In the 1970s, a group of concerned parents successfully campaigned to stop the use of pesticides at Eugene schools.

In the 1970s, a group of concerned parents successfully campaigned to stop the use of pesticides at Eugene schools.

What followed were decades of debate over whether the chemicals should be reintroduced, particularly to keep athletic fields smooth and obstacle-free for games.

Some parents celebrated the health benefits of the pesticide-free campuses. Meanwhile, renegade volunteers sometimes sneaked into school athletic fields to spray them with herbicides without the school district's knowledge.

"It's really a balancing act," said Dan Fuehring, Eugene schools facilities safety specialist.

The Phoenix-Talent School District has faced similar pressures. Most recently, a local resident claimed that her 3-year-old daughter and dog had a reaction to chemicals sprayed to kill weeds at Talent Elementary School.

Through a contract with the Phoenix-Talent district, the county sprayed along fence lines, the base of buildings and some parking lot cracks at the Talent Elementary campus Feb. 9 with a mix of three herbicides: Roundup PRO, a glyphosate product; diuron and dichlobenil.

The chemicals the county sprayed are considered safe to humans if applied to plants properly according to label instructions and regulations.

But on Feb. 10, Talent resident Tanya Casey took her daughter and brown Labrador to play in the grass at Talent Elementary for about an hour. Later that day, a rash broke out on her daughter's arm, and her dog became violently ill with itching, swelling and vomiting.

Veterinarian Liana Dallmann of All Creatures Animal Hospital in Eagle Point, who cared for the dog, said she can't be sure what caused it to have the allergic reaction. Exposure to an herbicide or a bee sting are two possibilities, Dallmann said.

Frank Baratta, vegetation manager at Jackson County Roads and Parks, said the herbicides were applied per label instructions and are as "safe as table salt."

Roundup PRO and diuron are described in safety data sheets as a mild eye irritant with mild short-term effects. Dichlobenil is described as a hazardous substance that, with exposure to extremely high concentrations, can cause skin rashes and burns and other complications up to coma and death, in addition to long-term exposure risks.

Baratta says all of the substances used are safe at the diluted concentrations used on the school grounds.

A sign was posted on the fence Feb. 9 and 10 indicating that the parts of the Talent Elementary grounds had been sprayed, but Casey didn't see it.

Casey's experience has helped to galvanize a group of residents who want to banish pesticides from Phoenix-Talent campuses. Casey has set up a meeting today at the Ashland Library to discuss the issue.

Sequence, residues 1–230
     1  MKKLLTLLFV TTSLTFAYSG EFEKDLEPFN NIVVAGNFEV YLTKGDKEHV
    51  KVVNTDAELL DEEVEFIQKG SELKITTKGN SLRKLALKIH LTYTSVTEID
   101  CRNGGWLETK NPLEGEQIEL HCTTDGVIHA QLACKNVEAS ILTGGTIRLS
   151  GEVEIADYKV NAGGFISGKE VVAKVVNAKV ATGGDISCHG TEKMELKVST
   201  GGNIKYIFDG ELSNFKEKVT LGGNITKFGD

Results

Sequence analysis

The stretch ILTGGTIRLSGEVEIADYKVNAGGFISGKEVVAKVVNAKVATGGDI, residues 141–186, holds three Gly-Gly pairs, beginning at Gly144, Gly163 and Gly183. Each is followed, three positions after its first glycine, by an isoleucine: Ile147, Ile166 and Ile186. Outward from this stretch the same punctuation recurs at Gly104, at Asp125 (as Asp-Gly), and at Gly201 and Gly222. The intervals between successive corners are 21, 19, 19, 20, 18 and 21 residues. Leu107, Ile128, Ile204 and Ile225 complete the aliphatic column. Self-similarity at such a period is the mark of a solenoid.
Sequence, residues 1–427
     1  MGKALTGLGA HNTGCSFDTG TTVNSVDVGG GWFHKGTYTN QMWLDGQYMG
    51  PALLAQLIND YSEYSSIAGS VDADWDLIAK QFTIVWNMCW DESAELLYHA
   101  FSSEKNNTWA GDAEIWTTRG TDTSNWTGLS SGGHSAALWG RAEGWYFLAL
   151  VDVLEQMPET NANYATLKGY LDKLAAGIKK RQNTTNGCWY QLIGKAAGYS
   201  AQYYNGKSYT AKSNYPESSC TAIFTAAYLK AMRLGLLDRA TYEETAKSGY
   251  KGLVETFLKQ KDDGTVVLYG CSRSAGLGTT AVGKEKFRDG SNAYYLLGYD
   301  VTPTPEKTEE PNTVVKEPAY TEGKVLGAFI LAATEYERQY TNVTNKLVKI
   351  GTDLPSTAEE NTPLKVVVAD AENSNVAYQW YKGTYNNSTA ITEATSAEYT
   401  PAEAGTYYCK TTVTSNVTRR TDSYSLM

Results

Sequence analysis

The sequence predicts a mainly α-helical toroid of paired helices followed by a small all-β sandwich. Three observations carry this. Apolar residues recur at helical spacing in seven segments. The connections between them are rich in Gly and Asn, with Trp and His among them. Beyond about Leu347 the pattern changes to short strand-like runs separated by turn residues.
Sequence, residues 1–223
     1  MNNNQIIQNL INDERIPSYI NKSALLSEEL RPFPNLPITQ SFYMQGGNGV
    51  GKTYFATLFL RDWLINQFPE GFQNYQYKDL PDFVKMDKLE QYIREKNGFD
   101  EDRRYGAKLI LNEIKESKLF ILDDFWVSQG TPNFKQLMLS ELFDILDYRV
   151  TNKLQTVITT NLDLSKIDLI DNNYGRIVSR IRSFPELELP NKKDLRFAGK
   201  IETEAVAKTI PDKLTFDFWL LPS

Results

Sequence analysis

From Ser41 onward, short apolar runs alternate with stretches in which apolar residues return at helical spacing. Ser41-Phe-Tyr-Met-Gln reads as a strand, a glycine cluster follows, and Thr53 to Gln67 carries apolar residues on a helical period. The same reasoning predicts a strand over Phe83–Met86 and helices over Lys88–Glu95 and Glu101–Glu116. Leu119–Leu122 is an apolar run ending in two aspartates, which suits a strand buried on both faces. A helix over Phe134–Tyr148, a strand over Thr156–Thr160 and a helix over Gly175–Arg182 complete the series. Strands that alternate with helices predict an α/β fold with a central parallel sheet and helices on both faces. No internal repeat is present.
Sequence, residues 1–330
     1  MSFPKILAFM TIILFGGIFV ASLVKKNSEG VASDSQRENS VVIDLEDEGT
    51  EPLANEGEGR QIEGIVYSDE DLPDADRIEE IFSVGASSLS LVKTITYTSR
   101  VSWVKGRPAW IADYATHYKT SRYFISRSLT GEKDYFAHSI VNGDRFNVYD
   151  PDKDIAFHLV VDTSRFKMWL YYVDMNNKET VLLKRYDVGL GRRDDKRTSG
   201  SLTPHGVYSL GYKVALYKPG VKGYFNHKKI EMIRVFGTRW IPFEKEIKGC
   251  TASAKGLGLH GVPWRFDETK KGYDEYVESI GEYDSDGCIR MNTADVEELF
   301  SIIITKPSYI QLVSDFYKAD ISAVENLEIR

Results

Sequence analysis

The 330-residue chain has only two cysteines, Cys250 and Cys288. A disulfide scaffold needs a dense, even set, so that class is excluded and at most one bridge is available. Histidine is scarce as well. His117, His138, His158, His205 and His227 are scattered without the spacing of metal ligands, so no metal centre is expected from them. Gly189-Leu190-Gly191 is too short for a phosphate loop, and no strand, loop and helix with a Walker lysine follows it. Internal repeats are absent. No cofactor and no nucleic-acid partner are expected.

"I wish they wouldn't spray," said Gerry Pare, who lives next to Talent Middle School. "I wish they would either weed whack, or just let a few dandelions come in."

Pare worries the spraying will harm the health of her small dog and two children and contaminate groundwater.

Phoenix-Talent schools Superintendent Ben Bergreen said he doesn't foresee discontinuing the use of herbicides, as they are the most cost-effective way to control weeds and are considered safe if used properly.

"We have some parents who don't think we spray enough," Bergreen said.

Glyphosate is one of the least toxic and most widely used herbicides.

However, some studies point to potential adverse health effects from long-term exposure to high doses of the chemicals, particularly diuron, noted Kay Rumsey, of the Northwest Coalition for Alternatives to Pesticides.

Diuron is a likely or known carcinogen, while dichlobenil is a possible carcinogen, according to the Environmental Protection Agency.

It's the dose that makes any substance poisonous, added Donn Todt, Ashland Parks and Recreation horticulturist.

Most school districts, including Medford, Ashland and Phoenix-Talent, don't spray when classes are in session, but all spray at least twice a year in select spots such as fence lines and building bases.

The Ashland School District considered stopping the use of herbicides at campuses but found it couldn't afford to do so. Instead, it passed a policy that limited their use to the least toxic kind.

Manual weed removal is about four times as costly as spraying herbicides, Baratta said.

Under a contract with the school district, Ashland parks staff spray the herbicide glyphosate, following the district's guidelines and posting notices to discourage visitors. Nothing is sprayed within 50 feet of a playground.

"The fact that poison hemlock, which is 540 times more toxic than glyphosate, is on some Ashland school grounds kind of puts these things in perspective," Todt said.

Less than 2 percent of what is sprayed is glyphosate, he said.

Even Eugene has eased its blanket ban on herbicides to permit limited use as a last-resort solution to weeds.

Unlike Jackson County schools, Eugene doesn't spray routinely; only when necessary and only with the approval of each school's principal.

Reach reporter Paris Achen at 541-776-4459 or pachen@mailtribune.com.

Correction: The original version of this story included an incorrect date for the meeting organized by Tanya Casey. This version has been corrected.